Four years ago, America launched its counterattack against terrorism, hammering terrorist targets in Afghanistan and ushering in Operation Enduring Freedom and the global war on terror.
That volley, launched Oct. 7, 2001, targeted far more than al Qaeda training camps and facilities and the repressive Taliban regime in Afghanistan, President Bush noted in announcing the attacks during a White House address. It sent an unmistakable message to terrorist organizations worldwide that the United States and its coalition partners refuse to live under a cloud of fear and intimidation, he said.
Bush emphasized that the action represented just one front in an ongoing U.S. effort against terror networks. "Today, we focus on Afghanistan, but the battle is broader," the president said.
Bush also presented his challenge to the world to stand up against terrorism. "Every nation has a choice to make," he said. "In this conflict, there is no neutral ground. If any government sponsors the outlaws and killers of innocents, they have become outlaws and murderers themselves. And they will take that lonely path at their own peril."
Operation Enduring Freedom began after the Taliban rejected U.S. demands made following terrorist attacks on the World Trade Center and the Pentagon. Bush had called on Afghanistan's leaders to close terrorist training camps and hand over al Qaeda leaders, including Osama bin Laden. The president also demanded the return of all unjustly detained foreign nationals and the opening of terrorist training sites to U.S. inspection.
When the terrorist ignored those demands, about 15 land-based bombers and 25 Navy strike aircraft from carriers launched the first strikes in Operation Enduring Freedom. In addition, U.S. and British ships and submarines launched some 50 Tomahawk missiles, then-Chairman of the Joint Chiefs of Staff Gen. Richard Myers reported that day.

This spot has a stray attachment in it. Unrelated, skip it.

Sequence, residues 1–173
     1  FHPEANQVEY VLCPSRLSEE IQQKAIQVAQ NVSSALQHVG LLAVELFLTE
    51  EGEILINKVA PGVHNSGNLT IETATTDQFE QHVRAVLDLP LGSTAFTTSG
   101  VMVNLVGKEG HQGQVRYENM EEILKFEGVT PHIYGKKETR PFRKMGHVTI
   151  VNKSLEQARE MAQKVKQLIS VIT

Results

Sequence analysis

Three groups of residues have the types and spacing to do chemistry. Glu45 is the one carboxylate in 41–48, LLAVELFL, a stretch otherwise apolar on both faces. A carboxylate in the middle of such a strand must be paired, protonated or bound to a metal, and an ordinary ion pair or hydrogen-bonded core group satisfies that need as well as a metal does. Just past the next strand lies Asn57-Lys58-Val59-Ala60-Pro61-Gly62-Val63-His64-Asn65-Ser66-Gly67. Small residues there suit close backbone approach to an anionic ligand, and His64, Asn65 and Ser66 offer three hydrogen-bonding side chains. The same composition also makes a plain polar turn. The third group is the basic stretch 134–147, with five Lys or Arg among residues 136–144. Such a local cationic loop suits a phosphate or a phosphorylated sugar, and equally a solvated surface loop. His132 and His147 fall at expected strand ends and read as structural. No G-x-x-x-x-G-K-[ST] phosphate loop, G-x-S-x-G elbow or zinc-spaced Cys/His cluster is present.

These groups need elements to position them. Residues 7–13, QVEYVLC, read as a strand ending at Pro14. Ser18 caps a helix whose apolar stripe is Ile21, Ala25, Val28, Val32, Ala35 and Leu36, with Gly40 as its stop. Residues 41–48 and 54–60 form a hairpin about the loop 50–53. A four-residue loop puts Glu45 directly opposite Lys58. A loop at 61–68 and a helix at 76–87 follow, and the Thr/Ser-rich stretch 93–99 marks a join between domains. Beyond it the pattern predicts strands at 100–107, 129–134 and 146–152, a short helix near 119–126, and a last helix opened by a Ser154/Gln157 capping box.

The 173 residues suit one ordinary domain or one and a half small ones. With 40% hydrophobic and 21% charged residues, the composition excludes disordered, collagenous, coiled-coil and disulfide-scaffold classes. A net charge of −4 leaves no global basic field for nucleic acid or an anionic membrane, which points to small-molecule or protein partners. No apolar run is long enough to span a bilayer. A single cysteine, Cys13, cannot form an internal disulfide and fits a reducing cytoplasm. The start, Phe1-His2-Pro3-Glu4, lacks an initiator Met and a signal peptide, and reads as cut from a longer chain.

The forces targeted Taliban-held airfields, terrorist training camps, command-and-control nodes, and anti-aircraft positions in what defense leaders described as a blend of 21st-century technology and 19th-century military tactics. The effort combined air power, precision-guided munitions and state-of-the-art communications with thousands of Afghan warriors on horseback or foot.
Initially, the operation involved a relatively small force -- a few hundred special operations forces and thousands of Afghan forces in the Northern Alliance supported by powerful U.S. air support. U.S. Marines and soldiers joined the force to clean out remnants of terrorist elements still in Afghanistan.
Later, Operation Enduring Freedom shifted to a broader-based effort aimed at creating conditions in Afghanistan that caused people worn down by more than 23 years of war to reject terrorists and their activities outright.
That involved establishing provincial reconstruction teams that dot the country to extend security and the reach of the national government into the provinces. Today, NATO commands nine of the teams, and the coalition, 13.
Four years later, the coalition in Afghanistan remains strong, representing a key front in the overall global war on terror. More than 21,000 members of Combined Forces Command Afghanistan -- more than 17,900 U.S. servicemembers and more than 3,100 troops from 20 allied nations -- conduct full-spectrum operations, from combat to humanitarian activities, to defeat terrorism and establish enduring security in the country.
During a Sept. 23 briefing with Pentagon reporters, Army Col. Kevin Owens, commander of the 173rd Airborne Brigade in Afghanistan, said coalition operations have "significantly degraded the enemy combatants in Afghanistan."
"The enemy can't offer the people of Afghanistan anything but fear and ignorance," and their military operations have been reduced to uncoordinated and random rocket and mortar attacks and roadside bombs, said Owens, who also commands Combined Task Force Bayonet and Regimental Command South, in Afghanistan.
"I'm confident things are heading in the right direction," he said "And I'm also confident that we are starting to gain irreversible momentum."
Meanwhile, progress continues in building Afghanistan's security forces, which currently number more than 30,000 soldiers and more than 50,000 police. Owens told reporters those forces continue to increase in capabilities.
"The Afghan National Army is a work in progress," he said, and is made up of "enormously capable and motivated and professional soldiers, particularly at the individual and small-unit level."